Yesterday, top music industry analyst Mark Mulligan wrote that Niche Is Music’s New Mainstream. But how do you find your own unique niche and connect with what Mulligan calls “a passionate cluster of fans?”Tarryn Meyers says that it is by building a brand that is uniquely you, but can also successfully bridge genres.
Guest post by Tarryn Meyers of the Symphonic Blog
How do you define yourself?
Success in today’s music industry is no longer about being the ruler of a given genre. More and more artists are finding success by appealing to listeners across multiple genres.
A lot of people in the industry will tell you focusing on your niche is the only key to success. While it’s true that building a reputation with smaller audiences can help you stand out as you establish your career, we propose a slightly different take on this concept. Instead of appealing to one genre, break the mold and let the absence of labels work in your favor. Build a brand that is YOU and use every niche associated with your music to your advantage.
We’re going to explain what it means to market your individuality and how your niche can help you out.
Music Data — What is it?
Most streaming services today rely on algorithms to decipher the best song recommendations. These algorithms collect and synthesize listener data to tailor everyone’s listening experience to their unique taste. Different algorithms will sort data in different ways and adjust according. Pandora, a pioneer in utilizing music data, is powered by the Music Genome, a system by which recordings are each manually sorted using 450 describing factors.
Spotify, on the other hand, uses a combination of three data-driven algorithms: collaborative filtering, which takes from users’ listening patterns, natural language processing, which tracks the mention of artists or songs in “clusters” with others, and audio models, which maps clusters of songs based on characteristics like the key and tempo of a song.
As different as these seem, these models have one main thing in common. They all focus on the unique elements that songs possess. Because of this, what a song’s genre is classified as seems way less important now, right? For so long, a song’s self-chosen genre has always been what sets it into their specific category. In an age of unlimited streaming and extensive metadata, experts are changing that mindset and accepting that music taste is less linear and more of an intertwined web. Sorting music is no longer so black and white, and the power to decide placement has entirely shifted to the audience.
So what should an artist do with this information? What role do you play? Think about one of your songs. Break down its individual elements and consider how these elements translate to your audience’s expansive array of music choices. How will they influence movement through these platforms? By being aware of your music’s appeal to different genres and sub-genres, you can pick up fans from virtually any genre and wind up on all kinds of playlists.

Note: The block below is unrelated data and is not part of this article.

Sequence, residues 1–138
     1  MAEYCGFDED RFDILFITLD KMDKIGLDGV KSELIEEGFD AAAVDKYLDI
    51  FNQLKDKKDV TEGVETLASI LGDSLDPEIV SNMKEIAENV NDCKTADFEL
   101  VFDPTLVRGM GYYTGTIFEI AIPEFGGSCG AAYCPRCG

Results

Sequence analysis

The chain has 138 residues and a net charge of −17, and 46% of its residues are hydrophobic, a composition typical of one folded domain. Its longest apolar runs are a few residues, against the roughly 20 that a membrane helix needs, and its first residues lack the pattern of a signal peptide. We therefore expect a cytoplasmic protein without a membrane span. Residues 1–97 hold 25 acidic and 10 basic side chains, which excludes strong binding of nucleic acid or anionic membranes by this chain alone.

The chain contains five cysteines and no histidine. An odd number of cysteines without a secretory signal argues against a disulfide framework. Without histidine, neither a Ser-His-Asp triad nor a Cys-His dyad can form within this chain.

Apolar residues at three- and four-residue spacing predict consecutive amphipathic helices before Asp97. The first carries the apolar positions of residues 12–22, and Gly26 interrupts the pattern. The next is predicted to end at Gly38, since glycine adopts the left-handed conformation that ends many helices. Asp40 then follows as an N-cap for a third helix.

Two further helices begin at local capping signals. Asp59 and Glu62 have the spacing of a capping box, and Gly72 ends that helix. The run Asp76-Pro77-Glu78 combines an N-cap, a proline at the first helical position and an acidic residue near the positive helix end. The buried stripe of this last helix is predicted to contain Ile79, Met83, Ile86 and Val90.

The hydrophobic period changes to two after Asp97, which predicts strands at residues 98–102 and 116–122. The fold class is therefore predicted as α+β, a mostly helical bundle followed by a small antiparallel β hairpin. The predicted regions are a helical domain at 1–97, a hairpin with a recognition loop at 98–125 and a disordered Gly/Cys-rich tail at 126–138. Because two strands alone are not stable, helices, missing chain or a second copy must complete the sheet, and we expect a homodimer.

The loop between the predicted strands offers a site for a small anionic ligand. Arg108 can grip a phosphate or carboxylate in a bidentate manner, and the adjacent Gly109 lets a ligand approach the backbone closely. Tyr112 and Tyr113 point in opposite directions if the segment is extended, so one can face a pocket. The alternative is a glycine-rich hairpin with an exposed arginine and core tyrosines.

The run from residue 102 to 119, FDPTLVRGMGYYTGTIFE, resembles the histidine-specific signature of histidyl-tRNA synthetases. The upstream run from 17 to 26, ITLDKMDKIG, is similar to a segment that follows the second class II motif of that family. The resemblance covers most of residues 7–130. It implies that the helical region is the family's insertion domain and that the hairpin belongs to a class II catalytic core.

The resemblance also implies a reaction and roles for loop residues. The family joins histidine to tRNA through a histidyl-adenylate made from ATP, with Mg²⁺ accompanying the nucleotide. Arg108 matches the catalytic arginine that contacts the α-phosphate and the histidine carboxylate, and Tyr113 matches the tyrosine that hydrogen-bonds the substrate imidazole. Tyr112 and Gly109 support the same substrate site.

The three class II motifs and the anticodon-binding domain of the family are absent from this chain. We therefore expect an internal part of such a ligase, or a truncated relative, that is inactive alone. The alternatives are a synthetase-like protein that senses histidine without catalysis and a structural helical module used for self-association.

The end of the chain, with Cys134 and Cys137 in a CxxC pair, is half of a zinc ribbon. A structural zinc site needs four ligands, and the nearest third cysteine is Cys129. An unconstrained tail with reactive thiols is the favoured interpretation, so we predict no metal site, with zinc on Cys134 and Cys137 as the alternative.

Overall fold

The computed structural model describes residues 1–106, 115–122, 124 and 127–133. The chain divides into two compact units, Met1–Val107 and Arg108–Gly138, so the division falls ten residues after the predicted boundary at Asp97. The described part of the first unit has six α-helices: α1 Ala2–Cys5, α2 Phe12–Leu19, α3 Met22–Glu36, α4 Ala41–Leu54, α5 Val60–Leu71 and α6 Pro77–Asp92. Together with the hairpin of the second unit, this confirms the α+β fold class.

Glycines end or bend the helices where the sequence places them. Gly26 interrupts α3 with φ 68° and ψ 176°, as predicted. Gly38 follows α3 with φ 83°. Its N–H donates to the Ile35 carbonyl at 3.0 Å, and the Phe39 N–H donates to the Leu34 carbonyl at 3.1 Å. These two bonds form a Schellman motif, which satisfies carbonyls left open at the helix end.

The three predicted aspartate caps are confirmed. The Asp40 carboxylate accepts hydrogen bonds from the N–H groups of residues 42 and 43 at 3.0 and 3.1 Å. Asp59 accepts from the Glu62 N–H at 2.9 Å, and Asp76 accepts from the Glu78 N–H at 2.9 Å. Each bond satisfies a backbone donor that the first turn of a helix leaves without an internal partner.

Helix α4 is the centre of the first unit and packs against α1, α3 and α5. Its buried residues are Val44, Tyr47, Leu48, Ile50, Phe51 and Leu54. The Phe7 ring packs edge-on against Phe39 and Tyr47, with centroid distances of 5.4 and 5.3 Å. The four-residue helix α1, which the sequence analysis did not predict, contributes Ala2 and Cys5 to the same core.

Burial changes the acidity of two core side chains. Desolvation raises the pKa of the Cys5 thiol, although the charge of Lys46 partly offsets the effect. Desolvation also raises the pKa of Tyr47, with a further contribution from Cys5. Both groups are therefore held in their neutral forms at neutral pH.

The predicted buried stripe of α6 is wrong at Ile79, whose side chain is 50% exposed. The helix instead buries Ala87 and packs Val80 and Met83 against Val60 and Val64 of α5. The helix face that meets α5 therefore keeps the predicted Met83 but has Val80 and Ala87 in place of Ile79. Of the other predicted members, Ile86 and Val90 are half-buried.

Knowing The Scene
As we’ve learned throughout this article, music genres are a constantly evolving landscape. The best way to find your place on that horizon is to pay attention to how it changes. Start by identifying niche genres and try to trace their history. You’ll need to do your research, so try to find niche publications and take note of how they and their readers categorize music. Ask yourself what key elements tie songs together in a given sub-genre. Being able to trace the birth and development of a sub-genre will help you better understand how to pitch your music to these niche publications.
One of the primary ways your niche identity can help you is through playlisting. Getting your songs on niche playlists is the first step to propel you through the ranks on platforms like Spotify. However, getting on these playlists comes down to how you pitch and, more importantly, how you tag.
When pitching a song to Spotify for playlisting, you’ll be asked to tag it according to genre, sub-genre, mood, style and more. This is where knowing the niche landscape will pay off. Becoming familiar with a niche allows you to tag more specifically. Elements of a song that may seem insignificant can be the key to landing a playlist. The more specific your tags are, the more you will stand out to curators looking for music in that subgenre.
Want to dig deeper into all this? Check this out: Types of Algorithmic Spotify Playlists and How to Get on Them
You’re also given a space to include notes in your Spotify pitch. Use this space to emphasize aspects of the song that align with certain subgenres. You can even include which playlists you want to be in. In fact, telling Spotify which playlists you think your release is best for will increase your chances of it getting placed.
Remember that recommendation models on Spotify are data-driven, so the way you tag any music you upload will affect which audiences it’s exposed to. That’s not to say that using every tag will get you in front of every listener… Instead, focusing on the niche of individual songs and using as much specificity as possible when tagging will get those songs to the right audiences.
Tying it Together
You might think being identified with a single major genre is a necessary part of building your brand, but I urge you to opt out of being labeled. Embrace crossover and ambiguity; make music that is true to YOU regardless of genre.
When it comes time to upload and pitch, do your research, tag with specificity, and let your niche identity speak for itself.
You could wind up creating an entirely new sub-genre all your own!
Tarryn Meyers: Voracious music consumer & mac ‘n’ cheese connoisseur